Inside Google's Mountain View skunkwork operations, tucked away from the company's main headquarters, about four dozen hand-picked developers gave Google's new "Wave" service its first run-through today. The service is pre-alpha -- geekspeak for software that's still in heavy development -- and the focus group is being paid not in cash, but in sandwiches and soft drinks.
Talk about a throwback scene. I have to blink to remember that I'm not back at Netscape headquarters circa 1998. The absence of Skittles tips me off.
What's Wave, and why is it energizing developers in a way we haven't seen in a decade? According to project leader Lars Rasmussen, it's email "if it were invented today." It's also a new way to communicate with others over the internet.
Wait a minute: New email means no need for the much-maligned Microsoft Outlook. Could Wave, being pitched by Google as a way to bring people and companies together in a utopian future, actually be its secret weapon to make Microsoft obsolete?
Think about it. Look down at the bottom of your screen, and you're probably seeing (as I am) at least three browsers opened to different operations: Twitter, Gmail, finance, a blog. Add in Outlook, and you've got a lot of mouse-moving and clicking ahead of you every time your computer so much as beeps. What if all that goes away, and you can find everything stacked up neatly in one place. If you're a heavy Twitterhead, think "Tweetdeck" with a little more personalization.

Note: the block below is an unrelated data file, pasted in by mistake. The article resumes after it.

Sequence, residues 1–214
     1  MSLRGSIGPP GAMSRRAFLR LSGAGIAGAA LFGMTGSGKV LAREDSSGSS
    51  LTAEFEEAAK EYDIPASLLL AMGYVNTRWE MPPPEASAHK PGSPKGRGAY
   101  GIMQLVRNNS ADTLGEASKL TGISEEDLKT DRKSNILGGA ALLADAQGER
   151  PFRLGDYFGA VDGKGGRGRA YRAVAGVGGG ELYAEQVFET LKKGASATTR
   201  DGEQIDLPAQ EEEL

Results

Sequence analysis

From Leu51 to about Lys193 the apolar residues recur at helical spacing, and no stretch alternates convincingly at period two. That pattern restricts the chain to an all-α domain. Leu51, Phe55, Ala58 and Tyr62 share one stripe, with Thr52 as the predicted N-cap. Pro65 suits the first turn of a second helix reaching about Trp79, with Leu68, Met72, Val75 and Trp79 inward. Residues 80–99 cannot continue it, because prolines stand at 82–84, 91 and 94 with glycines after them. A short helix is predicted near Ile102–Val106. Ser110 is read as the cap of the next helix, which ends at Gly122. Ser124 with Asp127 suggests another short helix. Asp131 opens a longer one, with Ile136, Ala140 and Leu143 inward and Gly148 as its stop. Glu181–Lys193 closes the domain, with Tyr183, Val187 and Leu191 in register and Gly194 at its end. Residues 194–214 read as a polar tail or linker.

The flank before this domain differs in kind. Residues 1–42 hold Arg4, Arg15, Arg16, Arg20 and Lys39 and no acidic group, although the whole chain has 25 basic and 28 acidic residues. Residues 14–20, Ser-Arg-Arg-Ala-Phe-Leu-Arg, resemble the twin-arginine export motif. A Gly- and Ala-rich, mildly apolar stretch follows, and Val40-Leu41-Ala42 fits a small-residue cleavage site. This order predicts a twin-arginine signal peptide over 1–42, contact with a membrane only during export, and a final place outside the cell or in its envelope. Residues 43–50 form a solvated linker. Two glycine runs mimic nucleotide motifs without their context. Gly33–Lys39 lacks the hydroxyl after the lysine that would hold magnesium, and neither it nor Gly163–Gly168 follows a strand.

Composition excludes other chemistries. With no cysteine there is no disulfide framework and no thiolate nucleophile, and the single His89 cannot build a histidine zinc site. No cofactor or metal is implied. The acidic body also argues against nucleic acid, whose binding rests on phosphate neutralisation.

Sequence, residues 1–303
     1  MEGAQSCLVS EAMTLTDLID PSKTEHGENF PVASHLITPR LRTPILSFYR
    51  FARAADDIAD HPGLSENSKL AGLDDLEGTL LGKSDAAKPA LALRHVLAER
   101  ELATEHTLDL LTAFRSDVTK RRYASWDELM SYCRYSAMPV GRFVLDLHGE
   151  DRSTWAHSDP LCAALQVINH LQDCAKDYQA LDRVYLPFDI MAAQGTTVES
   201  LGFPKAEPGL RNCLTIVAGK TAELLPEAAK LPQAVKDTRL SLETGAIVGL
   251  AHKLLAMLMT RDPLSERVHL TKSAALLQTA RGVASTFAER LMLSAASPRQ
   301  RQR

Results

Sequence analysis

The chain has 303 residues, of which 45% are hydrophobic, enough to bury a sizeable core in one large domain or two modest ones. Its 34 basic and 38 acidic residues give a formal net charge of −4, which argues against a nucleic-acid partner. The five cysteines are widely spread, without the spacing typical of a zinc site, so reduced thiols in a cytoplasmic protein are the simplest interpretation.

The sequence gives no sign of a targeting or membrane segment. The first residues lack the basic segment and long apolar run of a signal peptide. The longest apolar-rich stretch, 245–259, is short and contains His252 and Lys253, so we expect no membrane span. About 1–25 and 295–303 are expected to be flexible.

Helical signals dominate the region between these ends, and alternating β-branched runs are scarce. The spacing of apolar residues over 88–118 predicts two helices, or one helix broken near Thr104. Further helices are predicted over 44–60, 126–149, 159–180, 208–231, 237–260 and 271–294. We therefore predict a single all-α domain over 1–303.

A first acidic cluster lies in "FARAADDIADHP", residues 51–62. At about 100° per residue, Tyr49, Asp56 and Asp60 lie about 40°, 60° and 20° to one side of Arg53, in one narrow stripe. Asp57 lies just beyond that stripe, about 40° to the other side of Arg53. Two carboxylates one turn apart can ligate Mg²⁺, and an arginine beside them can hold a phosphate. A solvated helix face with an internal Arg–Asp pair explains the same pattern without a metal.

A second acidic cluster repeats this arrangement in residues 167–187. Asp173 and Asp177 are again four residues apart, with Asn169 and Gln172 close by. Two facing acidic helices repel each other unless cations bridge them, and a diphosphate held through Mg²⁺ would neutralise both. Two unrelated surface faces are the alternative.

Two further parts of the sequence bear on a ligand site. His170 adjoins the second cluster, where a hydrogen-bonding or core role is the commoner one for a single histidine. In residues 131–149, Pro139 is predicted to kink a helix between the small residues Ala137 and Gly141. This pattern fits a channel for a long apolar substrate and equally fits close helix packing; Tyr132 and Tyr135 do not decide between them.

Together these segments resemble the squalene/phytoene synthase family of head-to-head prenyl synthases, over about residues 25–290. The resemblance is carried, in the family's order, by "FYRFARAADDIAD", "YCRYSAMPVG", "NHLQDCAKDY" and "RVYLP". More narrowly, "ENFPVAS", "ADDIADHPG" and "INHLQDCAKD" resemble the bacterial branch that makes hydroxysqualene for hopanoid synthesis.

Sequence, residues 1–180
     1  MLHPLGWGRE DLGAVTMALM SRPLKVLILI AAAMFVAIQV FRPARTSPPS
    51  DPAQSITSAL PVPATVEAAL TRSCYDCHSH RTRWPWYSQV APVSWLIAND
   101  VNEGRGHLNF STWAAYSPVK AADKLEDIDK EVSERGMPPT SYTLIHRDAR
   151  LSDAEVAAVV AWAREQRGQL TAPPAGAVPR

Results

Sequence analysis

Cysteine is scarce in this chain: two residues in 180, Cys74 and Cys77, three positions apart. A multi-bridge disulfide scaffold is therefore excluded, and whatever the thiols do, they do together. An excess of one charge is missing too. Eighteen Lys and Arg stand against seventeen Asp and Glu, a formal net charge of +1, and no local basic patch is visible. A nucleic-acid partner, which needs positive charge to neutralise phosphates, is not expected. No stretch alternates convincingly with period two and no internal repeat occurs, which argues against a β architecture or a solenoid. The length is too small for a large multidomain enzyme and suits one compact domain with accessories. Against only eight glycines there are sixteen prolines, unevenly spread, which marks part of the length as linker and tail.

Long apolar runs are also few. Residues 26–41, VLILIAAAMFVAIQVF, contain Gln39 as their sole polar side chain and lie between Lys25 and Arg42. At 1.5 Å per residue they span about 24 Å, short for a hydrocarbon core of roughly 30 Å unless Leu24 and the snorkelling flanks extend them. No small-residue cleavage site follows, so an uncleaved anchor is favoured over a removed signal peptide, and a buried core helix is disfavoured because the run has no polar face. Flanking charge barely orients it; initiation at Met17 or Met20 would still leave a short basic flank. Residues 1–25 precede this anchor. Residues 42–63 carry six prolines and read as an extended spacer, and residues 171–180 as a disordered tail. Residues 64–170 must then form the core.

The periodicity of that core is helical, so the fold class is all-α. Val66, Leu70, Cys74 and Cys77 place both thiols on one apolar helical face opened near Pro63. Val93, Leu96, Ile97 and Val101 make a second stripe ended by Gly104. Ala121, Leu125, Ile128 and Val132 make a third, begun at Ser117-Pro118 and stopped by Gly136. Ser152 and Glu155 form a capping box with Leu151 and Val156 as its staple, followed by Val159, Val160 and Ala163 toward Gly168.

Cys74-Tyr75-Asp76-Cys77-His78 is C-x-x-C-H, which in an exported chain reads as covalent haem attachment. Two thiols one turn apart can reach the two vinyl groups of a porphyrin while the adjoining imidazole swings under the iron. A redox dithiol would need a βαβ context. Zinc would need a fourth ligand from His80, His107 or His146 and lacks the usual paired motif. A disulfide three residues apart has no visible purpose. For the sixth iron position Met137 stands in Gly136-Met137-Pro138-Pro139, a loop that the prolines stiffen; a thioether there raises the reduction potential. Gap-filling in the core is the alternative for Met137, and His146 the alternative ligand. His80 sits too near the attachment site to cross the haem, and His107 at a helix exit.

The example Rasmussen shows me is the blog you just commented on. Instead of having to click back to see who else has commented, the Wave gives you a steady stream of information about the blog. Same with email, and any other chatting you're doing. It's admittedly a Grand Central Station of information that at first makes my head spin (imagine this much stuff condensed onto the screen of your smart phone!), but I have to admit: it is all in one place.
Microsoft has coasted for so many years on its Outlook, it's almost impossible to imagine a world without it. But while Google is not listing "obliterate Microsoft" in its goals for Wave, imagine if it really succeeds. For that to happen, lots of other companies, and lots of users, have to get onboard. A wave is only powerful if it can rise, and then keep going.
If Google's Wave rises, and gets enough momentum, look out. Microsoft may get very wet.